Beef cattle feedlot. Image credit:WhyFiles, via USDA
I was surprised to read in Business Week, via Bloomberg, that "the U.S. cattle herd may have shrunk to the smallest size since 1958,..." Farmers are culling herds because demand for red meat is down in this Great Recession (thanks Wall Street), while corn prices are way up (thanks Congress for the luxuriant corn-based ethanol incentives).
From the farmer's viewpoint: "Corn, the main ingredient in livestock feed, jumped to a record $7.9925 a bushel in 2008 on the Chicago Board of Trade, and prices averaged about $3.79 last year, the third-highest annual average since at least 1959." With the cited level of herd reduction, corn prices will fall eventually, helping ranchers - unless Congress goes for another round of ethanol incentives first! (Makings of a classic challenge and response scenario that will play out for years more.)From the standpoint of changes to the American diet, it's not that meat prices have gone up that much (see data here); it's that people have less to spend on it, period. Go stand by the butcher counter about 4pm on a weekday and watch the body language. You'll see customers reach for fancy packages, examine price tags, shake heads, and walk away.
Staple choices for Americans are adapting to a new reality.
Less expensive cuts of meats and smaller amounts of meat per meal, with more veggies and grain. These are the new choices for the middle class. Those with no jobs and the working poor are probably already there.
Unknowingly, I expect, more Americans will slowly adopt the preferences of a most-honored founding father. According to A Day In The Life Of Thomas Jefferson on Monticello.org:
Jefferson ate meat only "as a condiment to the vegetables which constitute my principal diet." Many family members remarked on this habit, and though we cannot call Jefferson a vegetarian as defined today, for his time, he did eat an unusually small amount of meat, preferring the produce of his garden. The garden featured more than 250 varieties of herbs and vegetables, including those that others considered exotic or even possibly poisonous, such as the tomato.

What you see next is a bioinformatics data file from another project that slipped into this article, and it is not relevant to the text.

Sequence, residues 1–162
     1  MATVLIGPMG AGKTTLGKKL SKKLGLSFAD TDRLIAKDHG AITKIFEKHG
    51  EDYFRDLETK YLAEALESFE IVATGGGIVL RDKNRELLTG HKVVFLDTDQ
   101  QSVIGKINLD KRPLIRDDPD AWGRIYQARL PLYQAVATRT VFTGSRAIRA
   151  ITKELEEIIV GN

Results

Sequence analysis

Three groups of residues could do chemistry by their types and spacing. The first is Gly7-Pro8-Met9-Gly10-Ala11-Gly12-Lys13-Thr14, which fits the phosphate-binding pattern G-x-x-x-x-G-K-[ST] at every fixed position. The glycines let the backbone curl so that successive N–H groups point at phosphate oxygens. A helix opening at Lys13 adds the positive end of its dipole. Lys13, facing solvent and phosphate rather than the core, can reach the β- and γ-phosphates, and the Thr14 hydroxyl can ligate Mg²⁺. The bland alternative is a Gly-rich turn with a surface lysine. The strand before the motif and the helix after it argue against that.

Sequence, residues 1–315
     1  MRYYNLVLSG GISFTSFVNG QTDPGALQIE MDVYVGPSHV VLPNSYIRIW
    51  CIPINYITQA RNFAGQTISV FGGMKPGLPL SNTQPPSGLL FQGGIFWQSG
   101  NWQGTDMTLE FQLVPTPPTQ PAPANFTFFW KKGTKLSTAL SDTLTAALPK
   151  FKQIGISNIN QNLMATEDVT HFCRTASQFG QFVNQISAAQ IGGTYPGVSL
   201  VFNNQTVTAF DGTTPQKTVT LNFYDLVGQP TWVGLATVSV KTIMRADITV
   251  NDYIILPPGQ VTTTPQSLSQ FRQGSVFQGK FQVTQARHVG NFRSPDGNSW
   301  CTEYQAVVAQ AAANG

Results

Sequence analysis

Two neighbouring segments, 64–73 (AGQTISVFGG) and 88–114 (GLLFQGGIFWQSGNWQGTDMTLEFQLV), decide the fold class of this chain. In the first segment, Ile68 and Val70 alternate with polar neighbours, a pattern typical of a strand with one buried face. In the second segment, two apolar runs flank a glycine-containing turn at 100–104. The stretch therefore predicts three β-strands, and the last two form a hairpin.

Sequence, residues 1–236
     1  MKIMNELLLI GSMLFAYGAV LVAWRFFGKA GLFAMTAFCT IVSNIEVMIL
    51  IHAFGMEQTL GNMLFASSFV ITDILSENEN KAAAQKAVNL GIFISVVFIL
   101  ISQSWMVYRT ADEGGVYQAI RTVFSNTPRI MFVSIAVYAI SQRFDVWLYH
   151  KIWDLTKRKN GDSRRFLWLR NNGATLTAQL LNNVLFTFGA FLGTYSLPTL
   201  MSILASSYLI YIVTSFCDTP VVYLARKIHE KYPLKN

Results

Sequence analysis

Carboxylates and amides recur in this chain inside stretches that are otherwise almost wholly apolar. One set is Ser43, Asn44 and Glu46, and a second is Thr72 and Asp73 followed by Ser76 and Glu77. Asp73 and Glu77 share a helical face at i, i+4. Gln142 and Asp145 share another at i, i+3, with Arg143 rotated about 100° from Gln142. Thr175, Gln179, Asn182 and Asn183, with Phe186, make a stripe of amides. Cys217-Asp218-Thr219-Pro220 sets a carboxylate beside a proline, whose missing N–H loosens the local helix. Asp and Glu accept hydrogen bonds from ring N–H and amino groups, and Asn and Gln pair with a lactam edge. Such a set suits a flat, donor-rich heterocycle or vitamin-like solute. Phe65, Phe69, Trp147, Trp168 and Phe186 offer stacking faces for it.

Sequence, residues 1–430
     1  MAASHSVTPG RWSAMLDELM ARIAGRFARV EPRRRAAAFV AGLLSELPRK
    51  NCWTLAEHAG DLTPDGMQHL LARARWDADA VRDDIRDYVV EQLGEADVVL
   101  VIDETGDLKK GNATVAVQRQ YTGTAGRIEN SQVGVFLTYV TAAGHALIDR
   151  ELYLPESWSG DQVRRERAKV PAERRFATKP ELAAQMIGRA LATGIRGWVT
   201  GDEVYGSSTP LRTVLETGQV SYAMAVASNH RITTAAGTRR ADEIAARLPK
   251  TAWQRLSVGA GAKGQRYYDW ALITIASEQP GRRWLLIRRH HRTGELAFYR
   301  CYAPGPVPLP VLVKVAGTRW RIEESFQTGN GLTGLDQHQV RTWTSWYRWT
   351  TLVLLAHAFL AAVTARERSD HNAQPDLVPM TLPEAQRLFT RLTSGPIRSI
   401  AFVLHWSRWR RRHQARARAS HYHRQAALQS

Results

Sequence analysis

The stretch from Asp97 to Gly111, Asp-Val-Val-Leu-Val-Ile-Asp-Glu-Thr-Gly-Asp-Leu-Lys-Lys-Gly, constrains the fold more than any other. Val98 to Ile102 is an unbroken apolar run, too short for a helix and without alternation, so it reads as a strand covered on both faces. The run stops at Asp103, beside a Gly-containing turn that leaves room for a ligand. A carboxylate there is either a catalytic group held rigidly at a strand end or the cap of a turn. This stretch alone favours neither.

Back to the present.
Unlike meat, American cheese prices are rising dramatically, which indicates growing demand.
The price of class III milk, used to make cheese, tumbled to a six-year low last year of $9.24 per 100 pounds, after global demand slowed. The price has rebounded 57 percent since then to $14.54 yesterday on the CME.
I've noticed cheese prices going way up lately. My response has been to buy stronger tasting, aged cheeses and use them as low-volume flavor builders in complex dishes. I also buy less beef lately, as I prefer now the taste of buffalo and venison.
What used to be known as "Good Seafood" is way too expensive, period. Only the Wall Street fat cats, captains of industry, and real estate moguls, can support what's left of unsustainable fish species market. Seafood choices for my table are tilapia and cat - or what I can catch.
These changes came slowly to my kitchen and I bet the same it true for more Americans. More will come, no doubt.
What are your observations about these trends? How have you responded?